Week2_Section_FTC_and_its_example

Week2_Section_FTC_and_its_example - d dt R t 4 √ udu = d...

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Math 191 The Fundamental Theorem of Calculus via the Chain Rule Let f ( x ) be a continuous function on [ a, b ]. Then by the fundamental theorem of calculus, F ( x ) = R x a f ( t ) dt is continuous on [ a, b ], is differentiable on [ a, b ], and F 0 ( x ) = dF ( x ) dx = d R x a f ( t ) dt dx = f ( x ) . (1) Now consider g ( x ) instead of x as an upper bound of the integral above. Then to find F 0 ( g ( x )), we need to use the chain rule to get F 0 ( g ( x )) = dF ( g ( x )) dx (2) = dF ( g ( x )) dg ( x ) · dg ( x ) dx (3) = d R g ( x ) a f ( t ) dt dg ( x ) · g 0 ( x ) (4) = f ( g ( x )) · g 0 ( x ) , (5) where (3) is from the chain rule for the mapping x g ( x ) F ( g ( x )), and (5) from (1) with g ( x ) instead of x , i.e. the fundamental theorem of calculus. 1 Find the derivative d dt R t 4 0 udu by evaluating the integral and differentiating the result,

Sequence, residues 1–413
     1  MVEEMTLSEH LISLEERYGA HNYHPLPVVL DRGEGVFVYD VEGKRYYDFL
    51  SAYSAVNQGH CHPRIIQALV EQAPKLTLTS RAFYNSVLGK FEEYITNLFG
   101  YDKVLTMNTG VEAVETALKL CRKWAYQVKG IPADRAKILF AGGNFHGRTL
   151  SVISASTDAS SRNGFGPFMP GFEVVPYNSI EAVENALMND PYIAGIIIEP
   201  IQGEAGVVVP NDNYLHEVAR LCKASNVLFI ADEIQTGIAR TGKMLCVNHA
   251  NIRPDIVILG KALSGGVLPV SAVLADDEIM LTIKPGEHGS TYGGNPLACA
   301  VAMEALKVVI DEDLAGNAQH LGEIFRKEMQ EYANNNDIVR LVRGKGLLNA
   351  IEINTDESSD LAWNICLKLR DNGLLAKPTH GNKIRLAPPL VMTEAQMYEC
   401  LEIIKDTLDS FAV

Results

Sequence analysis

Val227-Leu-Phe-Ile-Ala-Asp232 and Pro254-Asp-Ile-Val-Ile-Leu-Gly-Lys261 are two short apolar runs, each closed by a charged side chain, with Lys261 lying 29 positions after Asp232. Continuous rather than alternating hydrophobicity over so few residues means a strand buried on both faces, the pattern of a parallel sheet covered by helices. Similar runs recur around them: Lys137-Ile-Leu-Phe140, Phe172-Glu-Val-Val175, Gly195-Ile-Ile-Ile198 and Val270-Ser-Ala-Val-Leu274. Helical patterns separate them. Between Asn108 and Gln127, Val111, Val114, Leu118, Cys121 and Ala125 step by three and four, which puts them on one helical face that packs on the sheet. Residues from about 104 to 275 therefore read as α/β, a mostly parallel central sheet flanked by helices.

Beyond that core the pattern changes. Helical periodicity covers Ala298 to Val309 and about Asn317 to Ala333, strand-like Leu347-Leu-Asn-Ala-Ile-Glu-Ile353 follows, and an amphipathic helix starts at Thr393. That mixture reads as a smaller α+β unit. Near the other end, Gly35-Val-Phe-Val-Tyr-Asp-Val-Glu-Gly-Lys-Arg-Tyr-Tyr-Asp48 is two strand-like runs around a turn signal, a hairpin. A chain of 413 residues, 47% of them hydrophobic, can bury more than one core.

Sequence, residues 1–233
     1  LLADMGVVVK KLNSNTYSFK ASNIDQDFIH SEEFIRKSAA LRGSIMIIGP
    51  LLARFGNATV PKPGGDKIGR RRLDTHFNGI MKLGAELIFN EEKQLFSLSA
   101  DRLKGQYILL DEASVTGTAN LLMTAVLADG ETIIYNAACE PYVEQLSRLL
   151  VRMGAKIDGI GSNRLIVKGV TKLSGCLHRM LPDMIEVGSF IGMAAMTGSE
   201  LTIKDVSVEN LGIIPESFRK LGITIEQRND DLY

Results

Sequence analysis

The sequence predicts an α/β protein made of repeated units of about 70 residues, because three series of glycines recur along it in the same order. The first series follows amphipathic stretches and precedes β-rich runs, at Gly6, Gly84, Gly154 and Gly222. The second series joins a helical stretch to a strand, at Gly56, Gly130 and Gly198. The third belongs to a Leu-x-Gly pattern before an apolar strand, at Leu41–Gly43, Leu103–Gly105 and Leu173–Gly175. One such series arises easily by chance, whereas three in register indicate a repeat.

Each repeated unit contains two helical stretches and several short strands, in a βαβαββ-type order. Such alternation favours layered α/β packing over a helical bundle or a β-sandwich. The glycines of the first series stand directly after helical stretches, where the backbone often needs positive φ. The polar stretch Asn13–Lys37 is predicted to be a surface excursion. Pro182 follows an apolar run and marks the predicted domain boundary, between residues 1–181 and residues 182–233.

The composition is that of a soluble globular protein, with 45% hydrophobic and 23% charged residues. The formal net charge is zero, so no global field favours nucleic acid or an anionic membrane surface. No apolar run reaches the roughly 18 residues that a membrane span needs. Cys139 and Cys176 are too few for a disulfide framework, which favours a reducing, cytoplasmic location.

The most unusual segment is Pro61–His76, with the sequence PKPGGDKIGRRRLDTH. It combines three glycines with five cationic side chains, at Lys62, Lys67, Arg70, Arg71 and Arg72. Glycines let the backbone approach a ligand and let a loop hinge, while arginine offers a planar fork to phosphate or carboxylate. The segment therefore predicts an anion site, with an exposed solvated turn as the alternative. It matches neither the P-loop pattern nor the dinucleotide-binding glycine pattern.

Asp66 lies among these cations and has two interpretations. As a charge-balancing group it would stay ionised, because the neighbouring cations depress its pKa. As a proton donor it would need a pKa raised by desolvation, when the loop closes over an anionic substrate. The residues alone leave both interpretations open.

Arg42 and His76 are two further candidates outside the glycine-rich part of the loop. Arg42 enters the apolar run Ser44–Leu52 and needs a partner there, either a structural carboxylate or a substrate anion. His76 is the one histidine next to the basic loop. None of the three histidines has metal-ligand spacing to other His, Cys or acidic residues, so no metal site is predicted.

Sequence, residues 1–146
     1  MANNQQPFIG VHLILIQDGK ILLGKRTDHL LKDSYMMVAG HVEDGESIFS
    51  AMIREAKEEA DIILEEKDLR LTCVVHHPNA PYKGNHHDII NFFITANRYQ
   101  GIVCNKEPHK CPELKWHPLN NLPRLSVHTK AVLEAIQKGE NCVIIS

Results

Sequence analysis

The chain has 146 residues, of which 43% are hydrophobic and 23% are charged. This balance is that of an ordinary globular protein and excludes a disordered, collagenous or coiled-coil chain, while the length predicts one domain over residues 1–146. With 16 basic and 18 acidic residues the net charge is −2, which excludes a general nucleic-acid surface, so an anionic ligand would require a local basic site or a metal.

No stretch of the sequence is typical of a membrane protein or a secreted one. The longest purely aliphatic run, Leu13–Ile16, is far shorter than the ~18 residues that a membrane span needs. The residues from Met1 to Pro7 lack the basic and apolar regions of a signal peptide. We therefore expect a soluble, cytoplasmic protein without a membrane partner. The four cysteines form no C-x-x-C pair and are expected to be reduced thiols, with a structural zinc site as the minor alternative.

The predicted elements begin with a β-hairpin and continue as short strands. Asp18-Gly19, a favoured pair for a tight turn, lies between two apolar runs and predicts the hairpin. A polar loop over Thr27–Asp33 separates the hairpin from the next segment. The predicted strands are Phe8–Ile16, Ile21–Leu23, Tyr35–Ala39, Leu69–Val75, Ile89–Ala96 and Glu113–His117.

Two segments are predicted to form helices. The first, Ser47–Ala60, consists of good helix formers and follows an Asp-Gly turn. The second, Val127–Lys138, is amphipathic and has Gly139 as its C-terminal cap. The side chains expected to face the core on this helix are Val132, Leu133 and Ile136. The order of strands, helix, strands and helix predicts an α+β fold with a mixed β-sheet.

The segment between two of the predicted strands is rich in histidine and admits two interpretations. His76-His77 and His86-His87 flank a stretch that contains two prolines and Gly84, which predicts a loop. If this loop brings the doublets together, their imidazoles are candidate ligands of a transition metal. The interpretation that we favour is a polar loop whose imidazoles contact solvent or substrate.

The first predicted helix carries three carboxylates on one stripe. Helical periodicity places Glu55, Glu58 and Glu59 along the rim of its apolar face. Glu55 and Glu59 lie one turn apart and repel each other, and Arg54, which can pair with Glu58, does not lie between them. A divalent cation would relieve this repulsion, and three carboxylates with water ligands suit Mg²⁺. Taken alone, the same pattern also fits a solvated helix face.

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Unformatted text preview: d dt R t 4 √ udu = d dt ± 2 3 u 3 / 2 | t 4 ² = d dt ( 2 3 t 6 ) = 4 t 5 2 Find the derivative d dt R t 4 √ udu by differentiating the integral directly. Since the upper bound is not simply x , We use the fundamental theorem of calculus combining with the chain rule above. Let f ( u ) = √ u and g ( t ) = t 4 . Then d dt Z t 4 √ udu = d dt Z g ( t ) f ( u ) du (6) = f ( g ( t )) · g ( t ) (7) = √ t 4 · d ( t 4 ) dt (8) = t 2 · 4 t 3 (9) = 4 t 5 (10) 1...
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